CW-X definitely picked the right people as brand ambassadors. This is an extremely energetic crew that genuinely insists they'd rather jog up the four flights of stairs while the rest wait for the grilled-wagyu restaurant's lift to arrive. They're also the ones who have introduced the Thai entourage to back-massaging machines during that one free hour of shopping -- a not-to-be-missed buy for a great price, one often overlooked among the clutter of frivolous fashion and Hello Kitty key chains. Heck, at around 7,000 yen (2,200 baht) a pop, they're actually cheaper than the marathon entry fee itself, which is 12,000 yen for locals and 15,000 for foreigners.

President of Thai Wacoal Thamarat Chokwatana and marketing manager Intira Narksakul cheering on the sidelines.

Although extremely seasoned in marathons, trails, triathlons and mountain-climbing, this is the first Kyoto Marathon for all four runners: Sarawut "Fu" Thuarob, Phairat "Ratchie" Varasin, Nampetch "Nam" Porntharukcharoen and the dentist Dr Napassaporn "Eem" Chumnarnsit. Every sporting event has its own regimen for preparation, but for the youngest of the team, Phairat, the Kyoto track is obviously not as imposing as longer routes he has run in the past, such as France's Ultra Trail Du Mont Blanc.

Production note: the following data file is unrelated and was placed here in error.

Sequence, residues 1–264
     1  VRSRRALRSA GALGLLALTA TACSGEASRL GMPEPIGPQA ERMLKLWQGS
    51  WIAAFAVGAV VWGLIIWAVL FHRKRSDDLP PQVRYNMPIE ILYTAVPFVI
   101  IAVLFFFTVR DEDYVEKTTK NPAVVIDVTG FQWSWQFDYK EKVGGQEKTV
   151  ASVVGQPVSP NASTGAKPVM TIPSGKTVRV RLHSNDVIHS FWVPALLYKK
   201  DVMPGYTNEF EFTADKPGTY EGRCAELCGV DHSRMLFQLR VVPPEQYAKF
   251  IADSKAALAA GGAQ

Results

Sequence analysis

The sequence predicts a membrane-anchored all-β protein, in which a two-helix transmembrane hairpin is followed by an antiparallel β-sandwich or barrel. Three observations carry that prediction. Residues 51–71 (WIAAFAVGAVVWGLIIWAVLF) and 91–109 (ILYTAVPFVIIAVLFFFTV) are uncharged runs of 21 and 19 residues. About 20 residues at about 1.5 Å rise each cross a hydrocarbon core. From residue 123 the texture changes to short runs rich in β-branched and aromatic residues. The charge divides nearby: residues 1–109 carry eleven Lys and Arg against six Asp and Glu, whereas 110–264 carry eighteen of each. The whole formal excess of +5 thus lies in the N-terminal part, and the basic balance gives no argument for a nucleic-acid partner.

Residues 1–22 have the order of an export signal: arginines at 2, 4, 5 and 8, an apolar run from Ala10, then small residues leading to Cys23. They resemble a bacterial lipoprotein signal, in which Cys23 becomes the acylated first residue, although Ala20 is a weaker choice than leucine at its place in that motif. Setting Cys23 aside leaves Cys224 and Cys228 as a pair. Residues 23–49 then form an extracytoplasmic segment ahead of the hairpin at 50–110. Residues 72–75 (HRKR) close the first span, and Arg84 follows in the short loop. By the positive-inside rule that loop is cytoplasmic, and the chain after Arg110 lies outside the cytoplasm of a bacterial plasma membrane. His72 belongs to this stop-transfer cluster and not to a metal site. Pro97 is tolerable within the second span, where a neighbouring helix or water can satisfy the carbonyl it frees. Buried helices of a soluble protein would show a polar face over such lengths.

"I actually like those 100km runs more because they require more calculating and planning on how to manage your energy," the 34-year-old explains. "There, you run up and down hills, but with Kyoto it's all flat land, so it's about being able to maintain your speed the whole time. It's just a breath away!"

Sarawut Thuarob.

The playful native of Chanthaburi dismisses a 42km run as a walk in the park. For the unfit (like yours truly), it was also slightly horrifying to see him and the others merely wearing CW-X's muscle-support leggings, a long-sleeve top and those lightweight, paper-thin windbreakers in almost zero-degree weather in the countryside hills of Omihachiman. Yet it's all part of the preparation, as getting the body used to the cold weather for a few days before the actual competition is a necessary reset according to the dentist of the gang.